Fenno woke up to screaming.
This, unfortunately, was not an infrequent occurrence. He really needed to move out of Gropius one of these days.
And like so many of the times that he was forced to scrabble his way out of a sound sleep due to the howling of his dorm mates, the banging of the nearby construction, or his own dry cleaning vapor induced choking, Fenno realized he had bloodshot eyes, a splitting headache, and no idea what time of the day or night it might be.
He glanced over. His clock flashed “12:00, 12:00, 12:00.” That was helpful.Instead, he threw on a bathrobe, grabbed a towel (maybe he’d take a shower, he thought vaguely) and stumbled blearily out to the hallway. The bright florescent lights didn’t do much to clue him in. The screaming, however, had only intensified, and he thought he picked up an undertone of sobbing.
An LLM emerged from the kitchen, eating something.
“What’s the hell is going on?” Fenno asked him, feeling his head throbbing from the commotion.
“1L grades just came out,” the LLM told him. “Apparently there is no longer something called a ‘queue’ in order to view them and many of your 1Ls are finding the shock of seeing their grades without a lead time rather . . . traumatic.”
“Huh,” Fenno said. “I guess the Law of Unintended Consequences applies to the Registrar’s Office the same as anyone else. Wait, do you smell something burning?”
The LLM shrugged and retreated back into the kitchen. A moment later, the fire alarm blared, and Fenno made for the exits before (a) his headache could intensify any further, and (b) before the 1Ls could filter into the hallway.
He emerged into the icy gloom of the Boston winter and hurried across the snow tunnel toward the Hark, shivering as he hit the “wheelchair accessible” button and waited for the doors to open. Stupid Hark doors. Didn’t they realize it was cold out here?
The Hark was brightly lit with a few silent students scattered around highlighting and tabbing casebooks in complicated color schemes. In the distance, Fenno could hear the Gropius fire alarm blaring, and he strolled upstairs, only to find metal grating blocking the door and a lone worker mopping the floors.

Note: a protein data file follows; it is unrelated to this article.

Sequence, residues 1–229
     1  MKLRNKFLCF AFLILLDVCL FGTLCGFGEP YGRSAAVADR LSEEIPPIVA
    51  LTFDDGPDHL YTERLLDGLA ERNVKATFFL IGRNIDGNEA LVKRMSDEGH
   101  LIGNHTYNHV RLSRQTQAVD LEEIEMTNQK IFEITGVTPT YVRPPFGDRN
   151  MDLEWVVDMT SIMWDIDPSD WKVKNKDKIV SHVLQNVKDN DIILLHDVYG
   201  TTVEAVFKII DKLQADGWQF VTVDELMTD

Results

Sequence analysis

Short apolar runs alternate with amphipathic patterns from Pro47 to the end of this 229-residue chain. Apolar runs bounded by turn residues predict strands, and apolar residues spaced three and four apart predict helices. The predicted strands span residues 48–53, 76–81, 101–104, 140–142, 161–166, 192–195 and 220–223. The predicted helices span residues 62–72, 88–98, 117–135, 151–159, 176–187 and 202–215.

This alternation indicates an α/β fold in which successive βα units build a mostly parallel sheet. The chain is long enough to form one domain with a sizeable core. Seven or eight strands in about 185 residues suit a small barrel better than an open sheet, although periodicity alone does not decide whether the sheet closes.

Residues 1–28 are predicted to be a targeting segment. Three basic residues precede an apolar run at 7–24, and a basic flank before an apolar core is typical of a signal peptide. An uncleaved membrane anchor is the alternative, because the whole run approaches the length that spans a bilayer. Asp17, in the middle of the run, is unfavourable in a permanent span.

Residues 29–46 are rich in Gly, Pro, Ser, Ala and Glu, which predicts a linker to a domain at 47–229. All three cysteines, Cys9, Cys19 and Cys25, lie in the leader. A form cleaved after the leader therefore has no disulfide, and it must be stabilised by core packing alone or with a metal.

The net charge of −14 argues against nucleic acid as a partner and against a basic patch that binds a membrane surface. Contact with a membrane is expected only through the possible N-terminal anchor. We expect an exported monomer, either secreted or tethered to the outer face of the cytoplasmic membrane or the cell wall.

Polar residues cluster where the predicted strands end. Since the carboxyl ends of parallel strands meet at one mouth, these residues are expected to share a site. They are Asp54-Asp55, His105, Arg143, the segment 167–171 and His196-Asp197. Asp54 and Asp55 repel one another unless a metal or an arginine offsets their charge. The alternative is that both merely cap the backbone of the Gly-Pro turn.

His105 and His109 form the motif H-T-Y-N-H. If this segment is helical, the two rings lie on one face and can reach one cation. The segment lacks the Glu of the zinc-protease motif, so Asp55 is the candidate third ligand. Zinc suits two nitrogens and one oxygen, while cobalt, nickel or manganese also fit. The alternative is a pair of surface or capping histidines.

Well, Fenno thought, that answers the time question. Resigned, he slung his towel over his shoulder and headed down to the tunnels for a snack. By the time he rounded the corner under Austen Hall, he realized two things: first, all the vending machines were flat out missing; second, he heard groaning from the woman’s restroom nearby.
Fenno pondered. On the one hand, he was desperately in need a of a delicious, sugary snack, and he wasn’t going to find it in the Austin Hall woman’s restroom. And really, the last thing he needed was to walk in on some Law Reviewer flagellating herself over Kagan’s just-released Admin Law grades. On the other hand, he had to admit he was kind of curious.
He pushed open the door, then found himself gaping.
“Martha Nussbaum? What are you doing tied up in the women’s bathroom in the middle of the night?”
She shot him a strange look. “You don’t turn Harvard down. Elena stashed me in here and muttered something about ‘Stanford’ and ‘U.S. News’.”
“Huh, but where’s your paramour?”
She glared. “Cass? Playing squash. Can you untie me already?”
Fenno ran through his usual mental list of how he could turn this situation to his own advantage, and was forced to concede he probably couldn’t, at least in a way that wasn’t actually extortionate instead of merely extorionatesque. He shrugged, and begin to untie her.
“Come on, the easiest way out is through the tunnels.”
She followed him as he wound back toward the Hark. With a shock he realized that the tunnels were crowded with people. What kind of new conspiracy was this?
Fenno ran smack into Dean Kagan. Nussbaum screamed and lunged at her, and Fenno struggled to hold her back.
“What are you doing here in the middle of the night, Dean Kagan?” he exclaimed, all the while blocking Nussbaum as best he could.
“It’s 2 PM, Fenno. You’re probably confused because the Hark closed so that they can pretend they serve different things for dinner than for lunch.”
Dean Kagan smiled and smoothly stepped behind Fenno, placing a friendly but firm arm around Nussbaum’s shoulders.
“Martha, now, why don’t you come with me. I believe Noah and Jeannie have a nice cocktail reception they want to invite you to. You know, they resisted at first, too. Once.”
Nussbaum cast him a desperate glance, and, shoulders slumped, walked off with Dean Kagan. Fenno shrugged. 2 PM? Why was he even awake? He adjusted his towel and strolled through the tunnels, back towards Gropius.
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